The title and date of the report, the logos of NADSP and ICI, and part of a page from the report.

More than a quarter of the professionals supporting people with disabilities remain unvaccinated against the coronavirus, a new study shows.

ICI, in partnership with the National Alliance for Direct Support Professionals (NADSP), surveyed 5,400 DSPs and frontline supervisors about their experiences supporting people with intellectual and developmental disabilities (IDD) during the COVID-19 pandemic. The newly released survey report is a follow-up to an initial report issued in April 2020. They represent the largest-ever national study of the DSP workforce.

According to the report, 26% of DSPs were unvaccinated. Among those not vaccinated, 54% said they do not feel the vaccine is safe, 21% said they do not believe in the worth of the vaccine, and 22% said they do not feel they need it. 

Nearly 20% of DSPs reported being diagnosed with COVID-19, and 8% were not diagnosed but suspected they had it. Among employers, 93% did not require DSPs to be vaccinated.

Several studies have found that people with IDD are at higher risk of severe COVID-19 outcomes.

“People with IDD are at the greatest risk of any categorical group of becoming sick and dying from COVID-19,” said Amy Hewitt, lead investigator of the study, conducted by ICI’s Research and Training Center on Community Living for Persons with Intellectual and Developmental Disabilities (RTC-CL) in partnership with NADSP. Hewitt is director of the RTC-CL, and of ICI. “As essential workers, DSPs have an obligation to keep themselves and the people they support healthy and safe, and they deserve wages and benefits commensurate with their skills and level of responsibility.”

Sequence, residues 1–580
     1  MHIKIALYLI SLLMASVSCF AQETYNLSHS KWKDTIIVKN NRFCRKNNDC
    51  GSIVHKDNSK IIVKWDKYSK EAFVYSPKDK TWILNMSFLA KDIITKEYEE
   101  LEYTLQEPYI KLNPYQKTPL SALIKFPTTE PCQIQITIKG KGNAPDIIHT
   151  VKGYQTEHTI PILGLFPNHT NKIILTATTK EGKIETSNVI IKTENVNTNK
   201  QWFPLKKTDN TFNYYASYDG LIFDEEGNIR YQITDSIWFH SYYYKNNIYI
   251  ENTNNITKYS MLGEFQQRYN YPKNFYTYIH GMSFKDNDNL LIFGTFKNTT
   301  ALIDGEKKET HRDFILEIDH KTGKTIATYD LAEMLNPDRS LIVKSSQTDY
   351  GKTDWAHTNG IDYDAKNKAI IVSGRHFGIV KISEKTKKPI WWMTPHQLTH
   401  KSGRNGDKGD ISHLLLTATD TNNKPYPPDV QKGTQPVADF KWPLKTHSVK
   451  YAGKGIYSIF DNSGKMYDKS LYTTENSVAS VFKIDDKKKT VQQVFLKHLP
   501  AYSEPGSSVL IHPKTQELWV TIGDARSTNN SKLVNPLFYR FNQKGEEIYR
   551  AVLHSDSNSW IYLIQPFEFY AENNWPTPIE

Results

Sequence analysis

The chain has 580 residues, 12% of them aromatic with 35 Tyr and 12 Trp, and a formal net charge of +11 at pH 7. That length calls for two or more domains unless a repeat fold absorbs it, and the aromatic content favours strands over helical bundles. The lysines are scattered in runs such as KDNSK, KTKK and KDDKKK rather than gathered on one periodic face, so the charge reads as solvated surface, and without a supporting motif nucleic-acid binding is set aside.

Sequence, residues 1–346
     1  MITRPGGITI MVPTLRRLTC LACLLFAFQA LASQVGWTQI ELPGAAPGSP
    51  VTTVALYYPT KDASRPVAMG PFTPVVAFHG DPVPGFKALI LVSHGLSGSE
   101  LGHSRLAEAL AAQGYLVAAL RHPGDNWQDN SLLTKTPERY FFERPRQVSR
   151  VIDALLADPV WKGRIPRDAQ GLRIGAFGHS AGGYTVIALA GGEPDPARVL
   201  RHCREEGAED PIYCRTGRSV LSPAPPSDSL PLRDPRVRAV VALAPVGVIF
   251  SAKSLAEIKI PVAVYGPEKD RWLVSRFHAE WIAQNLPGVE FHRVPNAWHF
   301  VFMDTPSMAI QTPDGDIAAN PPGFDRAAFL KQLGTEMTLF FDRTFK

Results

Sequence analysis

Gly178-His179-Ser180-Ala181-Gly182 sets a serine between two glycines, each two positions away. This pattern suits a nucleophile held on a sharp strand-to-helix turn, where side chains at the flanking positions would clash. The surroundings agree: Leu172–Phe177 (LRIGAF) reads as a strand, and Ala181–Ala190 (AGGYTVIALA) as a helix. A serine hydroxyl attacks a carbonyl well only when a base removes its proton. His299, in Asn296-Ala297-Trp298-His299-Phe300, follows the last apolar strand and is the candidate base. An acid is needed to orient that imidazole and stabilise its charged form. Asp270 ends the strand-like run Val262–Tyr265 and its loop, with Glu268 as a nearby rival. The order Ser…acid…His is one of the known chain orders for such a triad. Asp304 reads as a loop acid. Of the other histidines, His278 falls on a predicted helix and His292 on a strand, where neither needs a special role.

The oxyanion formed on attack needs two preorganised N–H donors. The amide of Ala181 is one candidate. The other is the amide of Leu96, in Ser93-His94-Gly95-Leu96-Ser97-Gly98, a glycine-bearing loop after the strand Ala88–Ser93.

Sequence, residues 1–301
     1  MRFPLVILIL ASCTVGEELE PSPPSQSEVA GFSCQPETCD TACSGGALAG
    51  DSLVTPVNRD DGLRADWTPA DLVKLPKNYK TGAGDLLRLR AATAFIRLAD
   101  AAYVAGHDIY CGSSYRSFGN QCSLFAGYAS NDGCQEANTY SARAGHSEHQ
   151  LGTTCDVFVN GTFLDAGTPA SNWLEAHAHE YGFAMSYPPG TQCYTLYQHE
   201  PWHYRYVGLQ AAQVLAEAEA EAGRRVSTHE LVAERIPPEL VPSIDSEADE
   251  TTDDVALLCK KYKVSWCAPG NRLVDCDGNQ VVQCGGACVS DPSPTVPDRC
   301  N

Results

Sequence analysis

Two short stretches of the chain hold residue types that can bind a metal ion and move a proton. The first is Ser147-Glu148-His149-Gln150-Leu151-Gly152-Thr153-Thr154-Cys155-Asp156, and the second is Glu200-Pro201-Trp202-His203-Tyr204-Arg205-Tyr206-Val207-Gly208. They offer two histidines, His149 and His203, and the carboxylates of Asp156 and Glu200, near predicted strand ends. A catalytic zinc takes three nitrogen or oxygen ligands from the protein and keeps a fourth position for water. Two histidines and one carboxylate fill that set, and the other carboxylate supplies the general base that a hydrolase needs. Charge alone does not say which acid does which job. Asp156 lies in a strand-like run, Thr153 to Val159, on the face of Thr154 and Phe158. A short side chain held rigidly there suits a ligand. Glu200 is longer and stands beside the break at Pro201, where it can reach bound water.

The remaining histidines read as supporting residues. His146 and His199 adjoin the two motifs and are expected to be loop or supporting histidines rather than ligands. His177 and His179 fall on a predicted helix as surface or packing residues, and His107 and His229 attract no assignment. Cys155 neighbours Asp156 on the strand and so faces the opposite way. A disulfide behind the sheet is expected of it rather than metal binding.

Hewitt noted that the direct support workforce has been overlooked and in crisis for years, with high turnover and vacancy rates, low wages, and lack of access to affordable benefits. More than half of DSPs receive government funded assistance such as housing, energy, food, and healthcare. The pandemic made staffing even more difficult, increasing stress, expectations, and risk on those who remain in their positions. The report also highlights work and wage disparities for Black/African American workers. And it documents DSPs’ reports of significant depression, behavior issues, and loneliness among the people with disabilities they support.

Read the full report at z.umn.edu/dsp-covid19.